Simcha's Torah Stories - Tzav

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Parshas Tzav


Here it is, Chaim, that time of the year again.

What time, Avi?

The time of the year when we study the Book of tzav, the third book of the Bible.

You don't sound too excited about it, Avi.

Chaim, it is such an effort to read the weekly parsha.

Why is that?

It's all about korbanos, offerings brought to the Holy Temple. Two sheep, one cow, two doves, flour, oil, wine,'s so confusing to me. In the other books of the Bible, we learn about the lives of our forefathers, or the laws that we need to know for daily living. Korbanos seem far off and unrelated.

I also felt the same way, Avi, until I started looking into the deeper meanings behind some of the korbanos.

What did you learn, Chaim?

I learned about a whole new world that is very exciting and relevant to our lives.

Really? Can you share it with me?

Sure, Avi. Just sit back and close your eyes. We're drifting back in time to the days of the Beis HaMikdash (Holy Temple).

Chaim begins to narrate his story...

Shmully, come with me to the flock of sheep.

Sure thing, Abba. What are we going to do there?

We're going to pick out a nice, young, one-year old sheep to be our Korban Pesach (Passover Offering).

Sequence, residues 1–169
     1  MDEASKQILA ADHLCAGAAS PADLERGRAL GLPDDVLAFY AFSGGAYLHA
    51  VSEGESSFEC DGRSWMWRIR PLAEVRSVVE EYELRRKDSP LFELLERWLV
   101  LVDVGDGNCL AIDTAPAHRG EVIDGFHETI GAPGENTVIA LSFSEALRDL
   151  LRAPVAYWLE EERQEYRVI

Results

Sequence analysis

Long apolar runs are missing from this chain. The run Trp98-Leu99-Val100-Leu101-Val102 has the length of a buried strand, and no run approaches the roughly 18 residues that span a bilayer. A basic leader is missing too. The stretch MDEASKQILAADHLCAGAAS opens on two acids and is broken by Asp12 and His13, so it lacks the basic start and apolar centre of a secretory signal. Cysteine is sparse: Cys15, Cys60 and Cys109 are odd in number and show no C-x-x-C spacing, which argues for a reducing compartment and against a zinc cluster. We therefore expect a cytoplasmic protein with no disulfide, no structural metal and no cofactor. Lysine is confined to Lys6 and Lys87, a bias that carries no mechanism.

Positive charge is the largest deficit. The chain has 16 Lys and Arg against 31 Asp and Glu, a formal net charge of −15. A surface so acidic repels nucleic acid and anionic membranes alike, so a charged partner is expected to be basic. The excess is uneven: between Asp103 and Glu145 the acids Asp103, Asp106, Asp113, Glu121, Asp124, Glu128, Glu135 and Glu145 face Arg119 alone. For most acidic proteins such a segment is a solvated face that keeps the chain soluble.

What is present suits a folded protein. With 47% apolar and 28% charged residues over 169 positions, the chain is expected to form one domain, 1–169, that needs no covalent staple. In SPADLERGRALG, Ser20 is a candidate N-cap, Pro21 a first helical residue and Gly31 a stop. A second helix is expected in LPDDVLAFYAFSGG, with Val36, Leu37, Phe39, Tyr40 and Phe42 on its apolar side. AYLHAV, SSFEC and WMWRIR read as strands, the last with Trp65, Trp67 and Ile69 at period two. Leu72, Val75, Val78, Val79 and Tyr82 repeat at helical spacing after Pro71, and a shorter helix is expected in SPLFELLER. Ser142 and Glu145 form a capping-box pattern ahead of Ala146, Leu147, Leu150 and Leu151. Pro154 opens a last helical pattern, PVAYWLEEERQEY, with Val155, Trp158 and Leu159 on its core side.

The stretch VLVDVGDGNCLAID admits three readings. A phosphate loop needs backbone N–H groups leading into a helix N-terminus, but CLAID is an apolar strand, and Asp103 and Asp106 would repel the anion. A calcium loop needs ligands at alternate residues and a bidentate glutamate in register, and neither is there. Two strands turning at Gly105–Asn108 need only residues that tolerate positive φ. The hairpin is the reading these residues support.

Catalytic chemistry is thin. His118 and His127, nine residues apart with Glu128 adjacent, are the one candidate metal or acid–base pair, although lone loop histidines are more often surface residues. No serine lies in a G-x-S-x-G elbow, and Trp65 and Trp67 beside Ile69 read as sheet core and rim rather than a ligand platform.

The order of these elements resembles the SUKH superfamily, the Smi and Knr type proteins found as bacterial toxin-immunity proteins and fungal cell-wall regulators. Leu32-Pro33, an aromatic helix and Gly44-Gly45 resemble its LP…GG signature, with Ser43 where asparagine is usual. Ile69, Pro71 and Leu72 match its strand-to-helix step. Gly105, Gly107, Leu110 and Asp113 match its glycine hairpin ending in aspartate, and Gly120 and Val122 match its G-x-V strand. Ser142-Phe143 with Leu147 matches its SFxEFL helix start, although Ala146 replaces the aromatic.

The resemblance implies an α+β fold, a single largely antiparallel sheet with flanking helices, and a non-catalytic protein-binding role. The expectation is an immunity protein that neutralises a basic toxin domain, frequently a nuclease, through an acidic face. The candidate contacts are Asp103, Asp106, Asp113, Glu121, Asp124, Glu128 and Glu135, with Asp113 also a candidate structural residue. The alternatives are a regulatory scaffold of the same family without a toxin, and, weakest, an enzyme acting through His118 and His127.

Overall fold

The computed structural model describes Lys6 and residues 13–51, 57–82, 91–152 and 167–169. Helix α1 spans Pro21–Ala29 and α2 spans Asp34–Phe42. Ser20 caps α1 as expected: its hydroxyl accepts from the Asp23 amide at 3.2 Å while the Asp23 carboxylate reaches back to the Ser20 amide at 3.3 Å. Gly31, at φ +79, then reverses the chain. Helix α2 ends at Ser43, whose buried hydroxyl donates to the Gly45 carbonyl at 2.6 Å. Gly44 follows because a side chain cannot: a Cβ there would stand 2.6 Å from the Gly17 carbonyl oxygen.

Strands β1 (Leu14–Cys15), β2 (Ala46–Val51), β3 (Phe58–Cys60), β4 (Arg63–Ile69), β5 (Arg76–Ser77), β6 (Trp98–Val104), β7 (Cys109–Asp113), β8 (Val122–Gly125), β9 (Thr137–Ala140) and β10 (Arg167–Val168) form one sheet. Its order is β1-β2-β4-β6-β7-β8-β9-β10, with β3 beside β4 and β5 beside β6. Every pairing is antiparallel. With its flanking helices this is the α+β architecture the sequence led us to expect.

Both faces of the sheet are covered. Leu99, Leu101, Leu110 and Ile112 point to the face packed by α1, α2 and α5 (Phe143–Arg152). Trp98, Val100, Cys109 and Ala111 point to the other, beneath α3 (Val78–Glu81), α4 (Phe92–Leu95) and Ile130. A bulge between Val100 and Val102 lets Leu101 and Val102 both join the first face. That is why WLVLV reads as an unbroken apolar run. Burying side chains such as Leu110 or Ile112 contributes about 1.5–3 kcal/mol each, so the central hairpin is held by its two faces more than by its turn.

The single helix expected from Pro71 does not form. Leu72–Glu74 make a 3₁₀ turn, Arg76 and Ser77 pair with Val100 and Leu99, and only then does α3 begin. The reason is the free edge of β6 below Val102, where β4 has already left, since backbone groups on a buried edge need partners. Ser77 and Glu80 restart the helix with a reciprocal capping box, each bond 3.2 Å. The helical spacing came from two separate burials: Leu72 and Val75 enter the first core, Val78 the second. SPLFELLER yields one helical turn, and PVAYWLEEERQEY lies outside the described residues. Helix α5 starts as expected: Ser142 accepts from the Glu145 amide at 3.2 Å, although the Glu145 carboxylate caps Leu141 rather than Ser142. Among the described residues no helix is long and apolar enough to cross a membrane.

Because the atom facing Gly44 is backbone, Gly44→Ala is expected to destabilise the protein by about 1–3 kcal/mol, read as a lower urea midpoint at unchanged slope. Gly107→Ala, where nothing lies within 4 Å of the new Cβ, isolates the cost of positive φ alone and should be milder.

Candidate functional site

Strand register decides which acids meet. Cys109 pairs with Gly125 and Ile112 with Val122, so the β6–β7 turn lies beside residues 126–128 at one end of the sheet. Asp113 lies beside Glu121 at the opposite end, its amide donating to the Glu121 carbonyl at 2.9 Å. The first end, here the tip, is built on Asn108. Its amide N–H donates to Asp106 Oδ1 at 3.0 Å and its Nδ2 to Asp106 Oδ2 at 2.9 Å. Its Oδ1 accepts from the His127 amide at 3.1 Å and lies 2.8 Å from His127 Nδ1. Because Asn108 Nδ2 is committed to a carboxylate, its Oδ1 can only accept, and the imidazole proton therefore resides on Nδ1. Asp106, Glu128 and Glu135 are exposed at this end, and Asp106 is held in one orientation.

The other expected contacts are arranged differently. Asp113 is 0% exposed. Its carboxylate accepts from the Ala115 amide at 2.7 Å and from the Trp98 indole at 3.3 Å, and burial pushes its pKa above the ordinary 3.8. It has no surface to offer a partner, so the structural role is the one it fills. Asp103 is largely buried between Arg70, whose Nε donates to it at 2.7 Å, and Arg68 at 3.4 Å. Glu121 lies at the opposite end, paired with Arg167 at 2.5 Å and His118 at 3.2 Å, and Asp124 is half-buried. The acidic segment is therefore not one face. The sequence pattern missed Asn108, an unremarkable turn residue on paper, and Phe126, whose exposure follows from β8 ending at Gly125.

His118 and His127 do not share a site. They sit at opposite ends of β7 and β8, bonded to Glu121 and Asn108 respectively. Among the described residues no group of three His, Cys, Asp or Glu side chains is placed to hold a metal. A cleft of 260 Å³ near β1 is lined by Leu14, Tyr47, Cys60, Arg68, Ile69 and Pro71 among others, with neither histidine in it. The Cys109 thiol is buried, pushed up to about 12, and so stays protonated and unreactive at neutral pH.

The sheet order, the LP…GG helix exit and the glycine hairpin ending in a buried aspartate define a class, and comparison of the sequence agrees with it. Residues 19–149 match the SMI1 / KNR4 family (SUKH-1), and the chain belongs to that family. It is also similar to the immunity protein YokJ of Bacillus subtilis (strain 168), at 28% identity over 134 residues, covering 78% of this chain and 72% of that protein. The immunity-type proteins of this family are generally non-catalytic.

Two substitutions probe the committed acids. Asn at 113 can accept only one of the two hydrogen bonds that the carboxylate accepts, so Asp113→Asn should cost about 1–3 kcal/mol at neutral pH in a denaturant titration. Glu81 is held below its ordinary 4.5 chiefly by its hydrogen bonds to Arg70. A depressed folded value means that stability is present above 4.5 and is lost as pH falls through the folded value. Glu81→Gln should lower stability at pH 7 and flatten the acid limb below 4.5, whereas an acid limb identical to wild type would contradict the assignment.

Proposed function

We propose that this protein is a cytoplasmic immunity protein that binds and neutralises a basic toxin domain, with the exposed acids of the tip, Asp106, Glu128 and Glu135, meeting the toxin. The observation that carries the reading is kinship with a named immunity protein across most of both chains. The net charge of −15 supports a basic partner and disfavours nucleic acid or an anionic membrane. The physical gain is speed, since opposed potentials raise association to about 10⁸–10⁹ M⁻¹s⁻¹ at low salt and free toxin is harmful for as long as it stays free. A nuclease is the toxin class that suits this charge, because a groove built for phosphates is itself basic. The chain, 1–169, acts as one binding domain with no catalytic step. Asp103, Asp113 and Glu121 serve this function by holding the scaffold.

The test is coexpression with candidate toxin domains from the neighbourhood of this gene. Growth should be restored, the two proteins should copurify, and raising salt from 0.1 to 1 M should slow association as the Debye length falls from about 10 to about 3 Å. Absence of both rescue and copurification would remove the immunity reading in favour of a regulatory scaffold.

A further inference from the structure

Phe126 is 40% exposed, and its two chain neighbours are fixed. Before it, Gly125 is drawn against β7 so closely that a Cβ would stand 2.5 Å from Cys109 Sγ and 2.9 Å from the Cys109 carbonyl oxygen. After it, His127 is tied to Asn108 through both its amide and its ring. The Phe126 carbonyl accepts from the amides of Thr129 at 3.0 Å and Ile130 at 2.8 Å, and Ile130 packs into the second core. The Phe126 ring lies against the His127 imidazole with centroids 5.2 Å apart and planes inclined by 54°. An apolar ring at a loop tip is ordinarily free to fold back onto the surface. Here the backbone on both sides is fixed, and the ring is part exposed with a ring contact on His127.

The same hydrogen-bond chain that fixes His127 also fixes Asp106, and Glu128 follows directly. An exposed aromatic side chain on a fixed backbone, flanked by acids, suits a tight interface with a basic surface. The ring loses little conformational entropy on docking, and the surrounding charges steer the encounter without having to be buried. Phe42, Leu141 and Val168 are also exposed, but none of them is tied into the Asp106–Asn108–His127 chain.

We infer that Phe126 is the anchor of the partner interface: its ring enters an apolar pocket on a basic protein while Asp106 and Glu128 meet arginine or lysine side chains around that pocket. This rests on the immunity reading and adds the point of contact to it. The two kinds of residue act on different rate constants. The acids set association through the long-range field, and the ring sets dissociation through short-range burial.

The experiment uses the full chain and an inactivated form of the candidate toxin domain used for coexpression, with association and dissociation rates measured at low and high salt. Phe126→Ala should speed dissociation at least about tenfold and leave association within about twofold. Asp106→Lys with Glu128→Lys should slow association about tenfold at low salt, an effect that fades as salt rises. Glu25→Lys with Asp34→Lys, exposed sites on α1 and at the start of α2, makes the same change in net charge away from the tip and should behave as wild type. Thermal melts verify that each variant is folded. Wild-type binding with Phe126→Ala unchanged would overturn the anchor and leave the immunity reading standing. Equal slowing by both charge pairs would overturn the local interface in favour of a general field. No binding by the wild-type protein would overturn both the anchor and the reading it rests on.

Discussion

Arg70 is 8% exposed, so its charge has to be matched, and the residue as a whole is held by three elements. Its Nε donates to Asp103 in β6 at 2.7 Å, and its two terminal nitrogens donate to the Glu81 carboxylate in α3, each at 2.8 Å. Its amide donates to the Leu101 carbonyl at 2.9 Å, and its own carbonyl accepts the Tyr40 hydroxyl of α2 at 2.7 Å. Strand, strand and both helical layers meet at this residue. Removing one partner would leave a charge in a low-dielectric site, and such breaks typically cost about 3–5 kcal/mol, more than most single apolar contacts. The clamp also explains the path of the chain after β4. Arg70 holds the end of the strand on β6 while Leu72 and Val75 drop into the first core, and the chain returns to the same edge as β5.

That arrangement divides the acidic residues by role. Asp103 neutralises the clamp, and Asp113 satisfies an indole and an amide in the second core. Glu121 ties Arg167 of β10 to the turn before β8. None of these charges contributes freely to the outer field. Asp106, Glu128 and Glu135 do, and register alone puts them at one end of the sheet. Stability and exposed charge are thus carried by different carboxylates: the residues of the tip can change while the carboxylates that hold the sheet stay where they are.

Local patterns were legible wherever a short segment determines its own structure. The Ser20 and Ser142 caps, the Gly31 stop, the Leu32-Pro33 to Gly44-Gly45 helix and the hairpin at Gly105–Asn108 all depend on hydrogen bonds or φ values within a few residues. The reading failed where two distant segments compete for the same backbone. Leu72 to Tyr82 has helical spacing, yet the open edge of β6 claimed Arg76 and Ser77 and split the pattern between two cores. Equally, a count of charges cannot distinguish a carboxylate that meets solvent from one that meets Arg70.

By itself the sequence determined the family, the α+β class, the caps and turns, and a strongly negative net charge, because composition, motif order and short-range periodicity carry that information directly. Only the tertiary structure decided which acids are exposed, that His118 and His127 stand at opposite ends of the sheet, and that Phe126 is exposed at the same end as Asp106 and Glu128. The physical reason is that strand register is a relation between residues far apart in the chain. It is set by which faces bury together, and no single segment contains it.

Wow Abba, I almost forgot. Pesach is drawing near.

That's right Shmully. This year you are old enough to go with me to the Beis HaMikdash!

Really? I'm so excited! I've been looking forward to this my whole life!

Now is your chance, Shmully. First, let's pick out our nicest sheep to take with us to Jerusalem.

After days of packing, the family is ready to make their trip to Jerusalem.

Okay, have we packed everything?

I think so Abba.

How about our Korban Pesach?

He's right here.

Good, let's get going.

Come sit near me, Shmully. I'll tell you all about what you will see when we get to Jerusalem.

Abba, there are many families traveling the roads with us.

Shmully, all the Jewish families from all over the Land of Israel are converging on Jerusalem to celebrate the festival of Pesach together.

But Abba; isn't that dangerous? Can't enemies attack our borders?

G-d gives the Jewish people special protection this time of year. No danger has ever befallen us as a result of going to Jerusalem for the festival. Now, let's review what you learned about the Korban Pesach, Shmully. First, where and when is it slaughtered?

In the courtyard of the Beis HaMikdash, after mid-day on the eve of Pesach.


Abba, how are all of these people, each with their sheep for a Korban Pesach, going to fit into the courtyard of the Beis HaMikdash in one afternoon?

That's a great question, Shmully. When we get to Jerusalem, you will see miraculous things. Everyone will squeeze into that small area in three shifts. The kohanim will work super-fast, doing their part to help each one with his korban. The Leviim will be singing Psalms of praise to G-d and playing trumpets the entire time.

Abba, I am so excited.